From banking to baked beans, from The Hyperfactory to The Hobbit, from wine to Watties, 2010 has been an interesting year for marketing.
While many of us have just been trying to get through it, some have done a lot more.
In advertising 2010 saw one era end and another begin. After 11 years the Ira Goldstein character was finally retired after years of extolling the benefits of banking with ASB. In the sea of sameness that is bank marketing, the Goldstein campaign stood out and helped ASB differentiate its brand.
A new age began for Nestle’s Milky Bar brand, with a new ‘milky bar kid’ chosen from hundreds of aspirants. In a world first they choose a girl, 8 year old Hinetaapora Short from Rotorua. It is a welcome departure from the cookie-cutter blond boys of the past.
2010 saw some exciting achievements in the technology sector, the result of different styles of marketing. Mobile technology company The Hyperfactory realised the potential of their smarts and their aggressive international sales approach to receive a reported $22 million buyout by US media company Meredith Corporation. At the more steady end of spectrum was Tenderlink, the New Plymouth-based online tendering system provider for which local media company Fairfax paid $21 million .
In terms of global profile The Martin Jetpack got another shot at glory, being named as one of top 50 inventions of 2010 (no matter that it was launched in 2008). It was the second year in a row a Kiwi technology had made the list, with the YikeBike being recognised in 2009.
This exposure is welcome, given technology usually plays second fiddle to ‘sexier’ export sectors like wine. That industry saw a change in marketing terms with Montana renaming itself Brancott Estate, a brand name they previously only used in the US market. Discarding a brand with such heritage must have been a huge decision, and will hopefully turn out to be the right one.
Strong brands are exactly what the wine industry needs at this time, given it’s under enormous pressure. Numerous vineyards are for sale and some wine producers are facing ruin. Too many of them have failed to invest enough in their brand, that picture in a consumer’s mind that helps them choose your product over another, and are suffering because of it.
42 Below showed clearly how to build a powerful brand with their incredible growth story and subsequent sale to Bacardi. Founder Geoff Ross knew the value of, along with quality output, building a strong, unique reputation for a product.
Ross is at it again, this time with home fragrance company Ecoya, and has recently invested in Marlborough-based beer company Moa. Maybe he should start looking at some wine acquisitions, and work his brand magic with them.
However, we could all learn from those old masters of building brands, Watties. 2010 saw them topping the Readers Digest most trusted brand survey. Consistently getting the right mix of product, well-promoted, widely distributed and competitively priced is the key to this success.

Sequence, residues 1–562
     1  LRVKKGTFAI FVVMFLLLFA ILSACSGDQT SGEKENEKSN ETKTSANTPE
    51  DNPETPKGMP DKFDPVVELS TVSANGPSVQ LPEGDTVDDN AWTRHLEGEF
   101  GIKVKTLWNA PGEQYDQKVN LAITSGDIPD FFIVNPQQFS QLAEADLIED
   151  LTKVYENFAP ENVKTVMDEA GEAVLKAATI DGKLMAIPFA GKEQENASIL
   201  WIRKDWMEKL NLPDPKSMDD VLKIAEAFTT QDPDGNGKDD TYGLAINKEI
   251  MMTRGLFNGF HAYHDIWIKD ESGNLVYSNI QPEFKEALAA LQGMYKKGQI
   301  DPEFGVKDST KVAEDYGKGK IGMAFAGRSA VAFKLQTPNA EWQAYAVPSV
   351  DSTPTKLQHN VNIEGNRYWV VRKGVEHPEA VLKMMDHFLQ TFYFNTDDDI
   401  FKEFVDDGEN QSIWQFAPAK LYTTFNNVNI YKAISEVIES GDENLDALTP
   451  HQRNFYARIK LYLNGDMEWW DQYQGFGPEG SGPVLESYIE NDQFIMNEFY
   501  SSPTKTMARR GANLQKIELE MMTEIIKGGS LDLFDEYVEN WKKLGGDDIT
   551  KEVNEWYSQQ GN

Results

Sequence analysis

Cadbury fell from its previous top position to 36th, the legacy of last year’s product changes and palm oil fiasco. More than many they would understand Benjamin Franklin’s assertion that “It takes many good deeds to build a good reputation, and only one bad one to lose it.”
The award for brand self-destroyer on a global scale must go to BP. The massive oil spill in the gulf of Mexico and the slowness of the response wreaked havoc on BP’s reputation and commercial value.
All the fancy advertising campaigns in the world can’t overcome simply getting it wrong. Delivering a great customer experience is the best marketing you can do.
A local organisation to spectacularly self-immolate its brand value was the Council of Trade Unions. Their cynical attempts to make capital from disrupting Peter Jackson’s The Hobbit film project was exposed for what it is, as average Kiwis realised Jackson has done more for the New Zealand film and tourism sectors than a thousand union officials ever could.
On a more positive note, the 2010 FIFA world cup showed again how powerful sporting events can be at helping companies market their products. The tournament earned $US 1.2 billion in international marketing revenue, made up of $1 billion in sponsorship, $110 million in hospitality and $80 million in licensing. It was interesting as a ‘business’ spectacle as much as a sporting one, ahead of New Zealand’s own world sporting event in 2011.
A star of that tournament may be New Zealand’s newest, and possibly now one of the biggest, individual sporting brands – everyone’s favourite rugby player and part-time boxer Sonny Bill Williams. His impact on New Zealand rugby has been immense, drawing media and fan interest of unprecedented proportions. Commercially he is helping drive a number of brands, most notably fronting for Rebel Sport.
Not since Dan Carter and his famous jockeys have we seen a sportsman have such an impact. Let’s hope he can have the same impression on the field next year.
2011 will not only be exciting because of the Rugby World Cup. There are plenty of smart Kiwi companies out there using clever marketing to find and grow export opportunities. Let’s hope they can win big, like the All Blacks, in the year ahead.